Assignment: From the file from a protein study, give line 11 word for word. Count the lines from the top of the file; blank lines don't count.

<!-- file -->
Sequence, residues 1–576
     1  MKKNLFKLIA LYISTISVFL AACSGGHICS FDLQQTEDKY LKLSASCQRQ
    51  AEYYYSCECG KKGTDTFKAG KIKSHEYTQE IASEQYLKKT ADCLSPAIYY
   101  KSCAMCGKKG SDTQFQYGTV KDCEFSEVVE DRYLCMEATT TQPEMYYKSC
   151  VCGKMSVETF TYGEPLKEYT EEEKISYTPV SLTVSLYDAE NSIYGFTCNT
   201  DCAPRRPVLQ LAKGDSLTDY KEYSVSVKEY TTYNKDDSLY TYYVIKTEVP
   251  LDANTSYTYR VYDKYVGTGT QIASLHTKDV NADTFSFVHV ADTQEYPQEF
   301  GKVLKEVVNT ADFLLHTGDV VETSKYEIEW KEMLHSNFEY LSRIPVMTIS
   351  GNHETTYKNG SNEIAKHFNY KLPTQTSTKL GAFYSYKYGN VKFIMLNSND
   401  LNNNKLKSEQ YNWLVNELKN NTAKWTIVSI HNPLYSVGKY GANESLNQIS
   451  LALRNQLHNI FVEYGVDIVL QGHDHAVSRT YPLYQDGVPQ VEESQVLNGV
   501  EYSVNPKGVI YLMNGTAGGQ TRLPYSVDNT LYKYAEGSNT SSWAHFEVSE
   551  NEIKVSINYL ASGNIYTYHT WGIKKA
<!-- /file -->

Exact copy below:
   451  LALRNQLHNI FVEYGVDIVL QGHDHAVSRT YPLYQDGVPQ VEESQVLNGV